[10] Australian Bureau of Statistics, 2016 Census of population and housing. Aboriginal and Torres Strait Islander Peoples Profile (catalogue number 2002.0) NSW, 2017 at www.censusdata.abs.gov.au/census_services/get product/census/2016/communityprofile/LGA12750?opendocument, accessed 22 October 2019.

[11] ibid.

[12] 2018-19 Budget: “Backing the economic aspirations of First Australians, Senator the Hon Nigel Scullion” at https://ministers.pmc.gov.au/scullion/2018/2018-19-budget-backing-economic-aspirations-first-australians, accessed 22 October 2019.

[15] Australian Institute of Health and Welfare, “Aboriginal and Torres Strait Islander health performance framework 2012 report: NSW”, p 74 at https://www.aihw.gov.au/reports/indigenous-health-welfare/indigenous-health-performance-framework-2012-nsw/data, accessed 22 October 2019.

[16] ibid, p 70.

[17] Australian Human Rights Commission, Bringing them home: report of the national inquiry into the separation of Aboriginal and Torres Strait Islander children from their families, 1997, at www.humanrights.gov.au/our-work/bringing-them-home-report-1997, accessed 17 July 2019.

[18] Creative Spirits, “A guide to Australia’s stolen generations” (drawing on research conducted by the Bringing them Home inquiry, ibid), at www.creativespirits.info/aboriginalculture/politics/stolen-generations/a-guide-to-australias-stolen-generations, accessed 22 October 2019.

[19] Australian Institute of Health and Welfare, Child protection Australia 2017-2018, Canberra, 2019, pp 49–55.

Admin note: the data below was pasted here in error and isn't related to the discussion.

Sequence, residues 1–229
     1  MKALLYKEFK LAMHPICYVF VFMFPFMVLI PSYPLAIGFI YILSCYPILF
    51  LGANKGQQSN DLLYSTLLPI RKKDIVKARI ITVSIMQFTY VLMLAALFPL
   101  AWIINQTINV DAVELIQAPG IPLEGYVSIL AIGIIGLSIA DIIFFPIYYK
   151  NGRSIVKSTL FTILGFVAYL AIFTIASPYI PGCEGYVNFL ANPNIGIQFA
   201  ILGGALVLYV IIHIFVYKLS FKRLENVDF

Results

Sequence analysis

[20] Australian Institute of Health and Welfare, above n 15; Australian Bureau of Statistics, above n 14, accessed 31 May 2018, p 52.

[21] Australian Institute of Health and Welfare, above n 15, p 46; NATSSIS, at www.abs.gov.au, accessed 30 May 2018.

[22] EM Greenhalgh, A van der Sterren, et al, “MH 8.7 Morbidity and mortality caused by smoking among Aboriginal and Torres Strait Islander peoples” in M Scollo and M Winstanley (eds) “Tobacco in Australia: Facts and issues. Melbourne: Cancer Council Victoria”; 2018, at 8.7.1.

[23] ABS, 3302.0.55.003 — Life Tables for Aboriginal and Torres Strait Islander Australians, 2015–2017, at www.abs.gov.au/ausstats/abs@.nsf/MediaReleasesByCatalogue/1A6806AB01AB38CDCA25835300141767?OpenDocument, accessed 17 June 2019.

[25] Productivity Commission, 2019, “Report on Government Services 2018”, E Health. Canberra: Productivity Commission. Table EA 34, Infant mortality rate by Indigenous status, three year average (per 1000 live births), at www.pc.gov.au/research/ongoing/report-on-government-services/2019/health, accessed 22 October 2019.

[26] As at 6 June 2019; Australian Bureau of Statistics, “4510.0 – Recorded Crime — Victims, Australia, 2018” at www.abs.gov.au, accessed 6 August 2019.

[27] ibid.

[28] An intimate partner includes spouse/partner, ex-spouse/ex-partner and boy/girlfriend (including ex-boy/girlfriend).